An appeal of a final judgment of a bankruptcy court is reviewed under traditional appellate standards of review. Stern v. Marshall, 131 S.Ct. 2594, 2603-04, 180 L.Ed.2d 475 (2011). The District Court reviews a Bankruptcy Court's findings of fact for clear error and its legal conclusions de novo. In re Blatstein, 260 B.R. 698, 705 (E.D. Pa. 2001).


Appellant Feldman argues that the Bankruptcy Court violated Article III of the Constitution, as interpreted in Stern v. Marshall, 131 S.Ct. 2594, 180 L.Ed.2d 475 (2011), by ruling on " twenty-five state-law affirmative defenses or set-offs in his answer to the adversary complaint." (Br. of Appellant, at 21.) Appellee AAF disagrees, arguing that the Stern holding is limited to discrete legal claims, not defenses. For the reasons set forth below, the Court has concluded that the Bankruptcy Court's disposition of Appellant's defenses did not contravene Stern and violate Article III.

On April 15, 2014, Appellant filed an answer admitting in part and denying in part the allegations of the amended adversary complaint. The answer set forth 19 affirmative defenses or, as Appellant refers to them, set-offs:

127. Plaintiff's Claims are barred by the doctrines [sic] of laches[.]
128. Plaintiff's Claims are barred by the doctrines of estoppel, equitable estoppel, and unclean hands.
129. Plaintiff's Claims are barred by the doctrines of partnership estoppel and privity between CFS and AAF[.]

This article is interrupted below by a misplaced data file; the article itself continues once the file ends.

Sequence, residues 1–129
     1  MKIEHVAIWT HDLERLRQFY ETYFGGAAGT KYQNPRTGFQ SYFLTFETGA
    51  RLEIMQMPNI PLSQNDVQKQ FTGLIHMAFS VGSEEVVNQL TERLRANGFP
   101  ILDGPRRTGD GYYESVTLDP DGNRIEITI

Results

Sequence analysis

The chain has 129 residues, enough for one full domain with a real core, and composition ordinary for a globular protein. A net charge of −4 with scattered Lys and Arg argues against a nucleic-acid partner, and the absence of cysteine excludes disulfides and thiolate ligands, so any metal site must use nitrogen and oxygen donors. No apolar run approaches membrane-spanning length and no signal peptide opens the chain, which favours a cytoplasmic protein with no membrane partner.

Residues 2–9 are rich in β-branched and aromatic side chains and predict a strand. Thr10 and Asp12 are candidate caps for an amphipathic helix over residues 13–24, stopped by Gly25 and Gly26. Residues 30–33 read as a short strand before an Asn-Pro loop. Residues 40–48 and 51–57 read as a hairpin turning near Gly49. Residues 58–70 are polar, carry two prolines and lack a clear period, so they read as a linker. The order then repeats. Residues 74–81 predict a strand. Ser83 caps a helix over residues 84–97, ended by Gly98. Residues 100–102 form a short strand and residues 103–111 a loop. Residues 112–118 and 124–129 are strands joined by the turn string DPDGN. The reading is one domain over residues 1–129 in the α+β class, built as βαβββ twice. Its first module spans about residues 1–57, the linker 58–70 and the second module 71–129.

130. Plaintiff's Claims are barred by the doctrine of accord and satisfaction.
131. Plaintiff's Claims are barred by the doctrine of exclusion of Parol [E]vidence.
132. Plaintiff's claims re barred by a failure of consideration, and/or Plaintiff's own breaches of contract.
133. Plaintiff's claims are barred by the Plaintiff's own failure to mitigate damages, and defendants [sic] duty to mitigate his own damages, and impossibility of performance.
134. Plaintiff's claims are barred, in whole or in part, by the doctrines of set -- off, fraud, fraudulent inducement, breach of fiduciary duty and confidential relationship, mistake, illegality, lack of capacity, duress, payment, and waiver, ratification, and acquiescence.
135. Plaintiff's claimed interest entitlements are barred by usury.
136. Plaintiff's claims are barred by the terms of Plaintiff's own contract.
137. Plaintiff's claims are barred by the doctrine of unreasonable and unfair contract penalty under N.J. and Pa law, and unconscionability[.]
138. Plaintiff's claims are barred by AAF's Breach of fiduciary duty and confidential relationship[; ] Plaintiff's claims are barred by AAF's Fraudulent inducement to contract.
139. Plaintiff's claims are barred by of [sic] Pennsylvania and Federal anti-Racketeering law.
140. Plaintiff's claims are barred by unclean hands and unjust enrichment.
141. Plaintiff's claims are barred by the doctrine of fraud upon the courts.